Selective Direct Laser Writing of Pyrolytic Carbon Microelectrodes in Absorber-Modified SU-8

Emil Ludvigsen, Nina Ritter Pedersen, Xiaolong Zhu, Rodolphe Marie, David M. A. Mackenzie, Jenny Emnéus, Dirch Hjorth Petersen, Anders Kristensen, Stephan Sylvest Keller*

*Corresponding author for this work

Research output: Contribution to journalJournal articleResearchpeer-review

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Pyrolytic carbon microelectrodes (PCMEs) are a promising alternative to their conventional metallic counterparts for various applications. Thus, methods for the simple and inexpensive patterning of PCMEs are highly sought after. Here, we demonstrate the fabrication of PCMEs through the selective pyrolysis of SU-8 photoresist by irradiation with a low-power, 806 nm, continuous wave, semiconductor-diode laser. The SU-8 was modified by adding Pro-Jet 800NP (FujiFilm) in order to ensure absorbance in the 800 nm range. The SU-8 precursor with absorber was successfully converted into pyrolytic carbon upon laser irradiation, which was not possible without an absorber. We demonstrated that the local laser pyrolysis (LLP) process in an inert nitrogen atmosphere with higher laser power and lower scan speed resulted in higher electrical conductance. The maximum conductivity achieved for a laser-pyrolyzed line was 14.2 ± 3.3 S/cm, with a line width and thickness of 28.3 ± 2.9 µm and 6.0 ± 1.0 µm, respectively, while the narrowest conductive line was just 13.5 ± 0.4 µm wide and 4.9 ± 0.5 µm thick. The LLP process seemed to be self-limiting, as multiple repetitive laser scans did not alter the properties of the carbonized lines. The direct laser writing of adjacent lines with an insulating gap down to ≤5 µm was achieved. Finally, multiple lines were seamlessly joined and intersected, enabling the writing of more complex designs with branching electrodes and the porosity of the carbon lines could be controlled by the scan speed.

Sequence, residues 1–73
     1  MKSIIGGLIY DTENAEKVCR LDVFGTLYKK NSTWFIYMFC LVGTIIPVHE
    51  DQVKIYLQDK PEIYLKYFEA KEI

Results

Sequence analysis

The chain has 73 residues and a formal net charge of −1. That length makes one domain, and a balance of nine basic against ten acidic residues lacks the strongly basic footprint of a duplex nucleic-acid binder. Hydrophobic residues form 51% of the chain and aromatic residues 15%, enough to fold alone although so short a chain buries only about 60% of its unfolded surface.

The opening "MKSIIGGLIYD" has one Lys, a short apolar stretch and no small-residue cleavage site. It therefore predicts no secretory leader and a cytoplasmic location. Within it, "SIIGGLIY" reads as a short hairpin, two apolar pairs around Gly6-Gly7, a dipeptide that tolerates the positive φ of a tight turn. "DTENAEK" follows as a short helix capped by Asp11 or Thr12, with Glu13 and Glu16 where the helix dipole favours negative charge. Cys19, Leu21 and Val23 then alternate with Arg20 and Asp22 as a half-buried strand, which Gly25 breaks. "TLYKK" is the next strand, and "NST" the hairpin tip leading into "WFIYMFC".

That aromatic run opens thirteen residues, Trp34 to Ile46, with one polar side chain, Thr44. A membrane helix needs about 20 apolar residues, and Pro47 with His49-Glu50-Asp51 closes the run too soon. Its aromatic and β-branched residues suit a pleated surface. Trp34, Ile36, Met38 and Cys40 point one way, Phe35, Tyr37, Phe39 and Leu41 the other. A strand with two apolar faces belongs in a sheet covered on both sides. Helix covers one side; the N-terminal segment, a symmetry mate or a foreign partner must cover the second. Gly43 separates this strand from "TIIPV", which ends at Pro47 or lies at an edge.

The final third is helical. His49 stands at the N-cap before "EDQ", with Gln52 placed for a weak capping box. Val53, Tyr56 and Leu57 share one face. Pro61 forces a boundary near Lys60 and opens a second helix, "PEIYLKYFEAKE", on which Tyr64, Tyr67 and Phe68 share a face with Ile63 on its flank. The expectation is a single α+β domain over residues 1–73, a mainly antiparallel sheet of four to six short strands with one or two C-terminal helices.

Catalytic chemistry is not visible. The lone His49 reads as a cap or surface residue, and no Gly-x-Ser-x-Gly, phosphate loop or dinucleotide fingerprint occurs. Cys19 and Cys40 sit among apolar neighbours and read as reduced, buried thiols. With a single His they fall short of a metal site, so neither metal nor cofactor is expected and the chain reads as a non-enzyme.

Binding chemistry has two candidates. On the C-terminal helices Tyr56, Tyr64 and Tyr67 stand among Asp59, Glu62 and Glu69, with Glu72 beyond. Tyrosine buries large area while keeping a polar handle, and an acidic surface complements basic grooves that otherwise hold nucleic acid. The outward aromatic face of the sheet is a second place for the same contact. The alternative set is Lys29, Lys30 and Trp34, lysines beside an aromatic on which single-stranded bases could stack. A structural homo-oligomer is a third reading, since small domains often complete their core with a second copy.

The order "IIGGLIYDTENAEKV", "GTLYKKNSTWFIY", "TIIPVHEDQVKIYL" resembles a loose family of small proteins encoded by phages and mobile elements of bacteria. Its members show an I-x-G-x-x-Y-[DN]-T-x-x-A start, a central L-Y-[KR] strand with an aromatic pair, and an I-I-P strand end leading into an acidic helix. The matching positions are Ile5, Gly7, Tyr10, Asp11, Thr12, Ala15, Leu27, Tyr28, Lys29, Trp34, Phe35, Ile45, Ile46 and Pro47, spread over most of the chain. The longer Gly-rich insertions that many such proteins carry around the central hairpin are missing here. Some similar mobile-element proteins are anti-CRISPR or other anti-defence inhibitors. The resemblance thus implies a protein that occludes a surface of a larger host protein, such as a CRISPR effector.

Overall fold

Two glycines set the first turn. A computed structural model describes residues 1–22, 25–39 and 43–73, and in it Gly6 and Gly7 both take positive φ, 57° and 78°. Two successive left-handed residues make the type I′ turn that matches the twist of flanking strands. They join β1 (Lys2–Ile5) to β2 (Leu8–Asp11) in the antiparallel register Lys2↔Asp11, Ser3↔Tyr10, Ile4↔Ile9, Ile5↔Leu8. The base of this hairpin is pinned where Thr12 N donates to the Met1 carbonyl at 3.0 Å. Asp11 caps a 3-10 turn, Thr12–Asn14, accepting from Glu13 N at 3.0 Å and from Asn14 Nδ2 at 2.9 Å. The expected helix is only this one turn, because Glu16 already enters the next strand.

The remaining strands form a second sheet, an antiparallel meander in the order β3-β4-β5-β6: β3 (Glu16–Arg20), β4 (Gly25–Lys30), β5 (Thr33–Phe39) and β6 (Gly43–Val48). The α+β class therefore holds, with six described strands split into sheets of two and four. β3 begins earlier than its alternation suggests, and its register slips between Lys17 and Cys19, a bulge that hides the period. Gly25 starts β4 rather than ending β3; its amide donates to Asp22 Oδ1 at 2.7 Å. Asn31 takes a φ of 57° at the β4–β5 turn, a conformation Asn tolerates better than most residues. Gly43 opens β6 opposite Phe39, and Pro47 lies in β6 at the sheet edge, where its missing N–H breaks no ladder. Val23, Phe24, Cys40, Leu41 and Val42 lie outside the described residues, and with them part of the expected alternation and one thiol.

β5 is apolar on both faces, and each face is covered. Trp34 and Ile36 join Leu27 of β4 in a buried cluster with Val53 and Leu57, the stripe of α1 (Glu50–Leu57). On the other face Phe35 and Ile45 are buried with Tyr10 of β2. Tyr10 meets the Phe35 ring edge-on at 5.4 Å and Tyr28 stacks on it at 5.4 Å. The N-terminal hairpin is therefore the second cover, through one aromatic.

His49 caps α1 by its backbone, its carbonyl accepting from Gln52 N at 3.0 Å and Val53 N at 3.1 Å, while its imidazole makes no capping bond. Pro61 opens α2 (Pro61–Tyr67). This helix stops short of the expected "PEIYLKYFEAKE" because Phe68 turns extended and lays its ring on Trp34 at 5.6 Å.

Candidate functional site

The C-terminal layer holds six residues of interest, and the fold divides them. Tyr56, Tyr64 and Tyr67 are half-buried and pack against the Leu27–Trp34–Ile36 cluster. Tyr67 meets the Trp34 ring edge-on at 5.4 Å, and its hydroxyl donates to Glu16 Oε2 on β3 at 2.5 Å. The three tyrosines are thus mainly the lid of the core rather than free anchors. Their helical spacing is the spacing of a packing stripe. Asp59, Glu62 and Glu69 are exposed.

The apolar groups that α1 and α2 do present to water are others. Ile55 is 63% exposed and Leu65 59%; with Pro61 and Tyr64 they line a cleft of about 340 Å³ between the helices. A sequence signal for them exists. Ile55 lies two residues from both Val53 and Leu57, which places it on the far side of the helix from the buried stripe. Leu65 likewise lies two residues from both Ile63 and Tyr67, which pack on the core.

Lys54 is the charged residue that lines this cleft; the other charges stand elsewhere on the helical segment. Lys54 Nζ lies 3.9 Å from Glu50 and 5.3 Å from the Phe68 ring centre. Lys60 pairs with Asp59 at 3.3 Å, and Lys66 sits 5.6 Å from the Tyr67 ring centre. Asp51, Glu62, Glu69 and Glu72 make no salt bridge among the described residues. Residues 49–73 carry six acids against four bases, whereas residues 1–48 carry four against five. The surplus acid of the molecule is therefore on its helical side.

Original languageEnglish
Article number564
Issue number5
Number of pages19
Publication statusPublished - 2021


  • SU-8
  • Pyrolysis
  • Laser pyrolysis
  • Direct laser writing
  • Carbon
  • Microelectrodes

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